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How to make successful New Year’s resolutions

Tamara Willner
Written by

Tamara Willner

Medically reviewed by

Fiona Moncrieff

4 min read
Last updated May 2024

‘New year, new me’ is a popular phrase as January approaches. It’s very common to set ourselves unrealistic and unattainable goals for the new year.

When we can’t achieve these goals or we experience a slip-up, it can be followed by feelings of guilt. This is counterproductive and can lead to a cycle of binge behaviours.

Here are our top tips to give yourself the best chance of sticking to your resolutions.

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1) Consider ‘action’ resolutions

Restrictive resolutions, such as ‘I will give up alcohol’, are very common. For some people, these will work. However, if you know you struggle with rules and restrictions, it might work better to think of positive action resolutions, such as ‘I will stick to having 2 alcoholic drinks a week rather than 6’.

2) Stick to 1 habit

When we have 5 different resolutions on the go, it can be overwhelming and result in us not achieving any of our goals. A much better way to approach resolutions is to choose 1 new habit to focus on, and then add any others later (once the first habit is ingrained in your daily routine).

3) Start small

James Clear, a leading author on the topic of habit change, suggests sticking to the 2 minute rule. Whatever habit you’re trying to adopt, practise it for 2 minutes at a time so it doesn’t feel like a chore. Then, when this feels more automatic, increase the time to 5 minutes, 10 minutes etc.

For example, if your end goal is to start exercising more, it’s unrealistic to go from no exercise to exercising for an hour each day. Start by setting a smaller, more realistic goal, such as ‘I will do 2 minutes of sit-ups every day when I wake up’. Then, when doing 2 mins of exercise in the morning feels more natural, try increasing this to 5 minutes, and then 10 minutes. It could take a few weeks/months to reach your goal, but that is better than failing in January and giving up!

You’ll feel a greater sense of achievement if you can manage to do 2 minutes of sit-ups each day rather than aiming for 20 minutes, failing, and giving up. You’re also much more likely to make it to 20 minutes and be able to stick to it if you start with 2 minutes.

Another example is if your end goal is to start meditating, it’s unrealistic to go from not meditating at all to meditating for 20 minutes every day. Start with the resolution to do 2 minutes of deep breathing each day. Then, when this feels like part of your routine, increase it to 5 minutes. Meditation apps, like Headspace and Calm, can help you track your progress and remind you.

4) Find a buddy

Research suggests that we are far more likely to achieve our goals when we feel a sense of accountability from another individual or group. Try finding a buddy to make the same resolutions as you and agree to message each other regularly to hold each other accountable.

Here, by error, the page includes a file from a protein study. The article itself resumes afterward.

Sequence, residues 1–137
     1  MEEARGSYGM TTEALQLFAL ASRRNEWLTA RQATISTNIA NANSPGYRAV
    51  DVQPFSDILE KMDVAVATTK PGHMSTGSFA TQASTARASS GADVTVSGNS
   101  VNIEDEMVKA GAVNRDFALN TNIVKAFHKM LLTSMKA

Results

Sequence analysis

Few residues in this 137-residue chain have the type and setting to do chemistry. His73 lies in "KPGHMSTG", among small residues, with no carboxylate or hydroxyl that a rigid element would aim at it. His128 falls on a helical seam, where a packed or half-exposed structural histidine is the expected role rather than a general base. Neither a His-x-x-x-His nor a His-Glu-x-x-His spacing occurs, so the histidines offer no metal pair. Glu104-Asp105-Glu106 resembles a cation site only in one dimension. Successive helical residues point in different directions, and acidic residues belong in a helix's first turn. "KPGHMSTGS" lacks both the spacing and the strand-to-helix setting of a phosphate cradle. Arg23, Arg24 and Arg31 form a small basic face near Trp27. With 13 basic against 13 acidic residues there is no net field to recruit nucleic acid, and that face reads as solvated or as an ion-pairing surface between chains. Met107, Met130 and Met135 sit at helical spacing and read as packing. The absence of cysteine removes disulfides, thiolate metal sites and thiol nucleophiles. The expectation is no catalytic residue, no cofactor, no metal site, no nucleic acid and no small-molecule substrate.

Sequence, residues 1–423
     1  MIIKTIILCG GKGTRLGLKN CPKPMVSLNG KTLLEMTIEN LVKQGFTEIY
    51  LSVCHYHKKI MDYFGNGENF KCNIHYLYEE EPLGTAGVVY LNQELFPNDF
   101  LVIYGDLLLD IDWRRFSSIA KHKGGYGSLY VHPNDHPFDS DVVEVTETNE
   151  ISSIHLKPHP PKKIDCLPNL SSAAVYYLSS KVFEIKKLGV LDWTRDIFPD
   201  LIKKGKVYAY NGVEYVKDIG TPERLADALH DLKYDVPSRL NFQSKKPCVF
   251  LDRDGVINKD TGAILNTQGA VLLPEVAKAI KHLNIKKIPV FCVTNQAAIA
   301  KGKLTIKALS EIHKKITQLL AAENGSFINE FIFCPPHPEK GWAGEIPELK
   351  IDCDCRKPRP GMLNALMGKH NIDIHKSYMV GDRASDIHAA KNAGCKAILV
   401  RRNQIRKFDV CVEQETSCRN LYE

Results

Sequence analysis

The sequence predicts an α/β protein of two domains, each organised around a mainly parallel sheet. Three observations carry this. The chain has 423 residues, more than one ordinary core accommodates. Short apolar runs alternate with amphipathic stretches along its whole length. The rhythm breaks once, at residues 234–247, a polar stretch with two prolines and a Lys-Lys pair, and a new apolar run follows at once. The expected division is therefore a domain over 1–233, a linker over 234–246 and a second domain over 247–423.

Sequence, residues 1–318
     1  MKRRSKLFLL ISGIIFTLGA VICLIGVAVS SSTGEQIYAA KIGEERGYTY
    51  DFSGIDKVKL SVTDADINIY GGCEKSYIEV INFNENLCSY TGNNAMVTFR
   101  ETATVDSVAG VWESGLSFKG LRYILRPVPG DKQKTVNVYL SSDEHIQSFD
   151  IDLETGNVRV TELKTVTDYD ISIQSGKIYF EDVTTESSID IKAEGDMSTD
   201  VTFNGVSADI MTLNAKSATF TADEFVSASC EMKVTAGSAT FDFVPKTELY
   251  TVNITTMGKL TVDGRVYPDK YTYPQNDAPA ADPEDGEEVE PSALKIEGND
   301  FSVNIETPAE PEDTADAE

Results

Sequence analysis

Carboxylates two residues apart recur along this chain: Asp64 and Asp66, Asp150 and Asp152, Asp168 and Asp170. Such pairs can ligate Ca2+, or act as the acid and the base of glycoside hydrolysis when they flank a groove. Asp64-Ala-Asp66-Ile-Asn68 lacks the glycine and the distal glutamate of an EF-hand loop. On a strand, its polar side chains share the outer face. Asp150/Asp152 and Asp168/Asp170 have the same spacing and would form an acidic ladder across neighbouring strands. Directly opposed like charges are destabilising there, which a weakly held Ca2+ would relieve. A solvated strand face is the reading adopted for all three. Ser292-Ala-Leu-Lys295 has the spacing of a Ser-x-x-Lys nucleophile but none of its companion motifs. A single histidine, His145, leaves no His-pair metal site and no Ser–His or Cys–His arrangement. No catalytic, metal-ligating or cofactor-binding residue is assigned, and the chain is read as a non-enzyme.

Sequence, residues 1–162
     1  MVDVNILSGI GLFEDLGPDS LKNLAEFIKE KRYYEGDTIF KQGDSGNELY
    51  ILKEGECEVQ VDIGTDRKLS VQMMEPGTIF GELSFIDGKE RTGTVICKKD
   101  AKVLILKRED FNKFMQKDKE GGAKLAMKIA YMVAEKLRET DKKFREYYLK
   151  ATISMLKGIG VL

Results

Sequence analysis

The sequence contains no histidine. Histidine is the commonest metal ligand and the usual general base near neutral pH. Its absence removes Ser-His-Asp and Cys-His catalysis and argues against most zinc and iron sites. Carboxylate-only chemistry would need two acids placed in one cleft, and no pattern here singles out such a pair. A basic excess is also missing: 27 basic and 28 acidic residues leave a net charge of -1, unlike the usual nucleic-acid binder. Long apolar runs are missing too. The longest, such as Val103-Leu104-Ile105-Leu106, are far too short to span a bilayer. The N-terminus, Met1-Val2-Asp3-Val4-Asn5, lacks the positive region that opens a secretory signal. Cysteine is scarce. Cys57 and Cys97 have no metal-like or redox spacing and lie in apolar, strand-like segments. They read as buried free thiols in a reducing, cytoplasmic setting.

If your goals are health-related, consider joining the Second Nature program. When you join Second Nature, the app gives you access to a group of other members on a similar journey. You’re also assigned a qualified nutrition specialist as your coach who keeps you accountable and you can message daily.

Second Nature coaches are all UK registered dietitians or nutritionists. This means they have completed university accredited degrees to gain this professional title. However, coaches are not registered in the US, so don’t meet the regulatory requirements to be considered US registered dietitians or nutritionists.

5) Remind yourself

Sometimes it’s easy to go about our busy lives, engaging in automatic behaviours, and simply forget to carry out our resolutions. Try adding reminders on your mobile to pop up at certain times, or putting post-it notes on your bathroom mirror/fridge. On the Second Nature program, you can track all of the new habits you want to build and look back on your progress.

6) Expect a few slip-ups

Lastly, it’s ok to experience a slip-up occasionally when we are making lifestyle changes. The important thing is how we respond. To avoid harbouring guilt, try to avoid the all-or-nothing mindset. If you revert back to old habits for one day, it does not mean that the rest of your week needs to be written off.

If you break your New Year’s resolution, that’s ok! We are all only human. Just remind yourself of your goals and try to get back on track. If you’re struggling with recurring slip-ups, it might be that your resolutions are too ambitious, in which case consider breaking it down and choosing 1 smaller one.

Examples of realistic resolutions

I will try to:

  • limit myself to 2 alcoholic drinks a week
  • do 2 minutes of gentle exercise in my room each morning when I wake up to get into the habit
  • plan my meals for weekdays
  • do 2 minutes of deep breathing every day when I wake up to get into the habit
  • ask friends/family members to go for a long walk rather than a coffee
  • eat some > 70% dark chocolate when I am craving chocolate rather than milk or white chocolate
  • drink water with my meals instead of fizzy drinks or juice.
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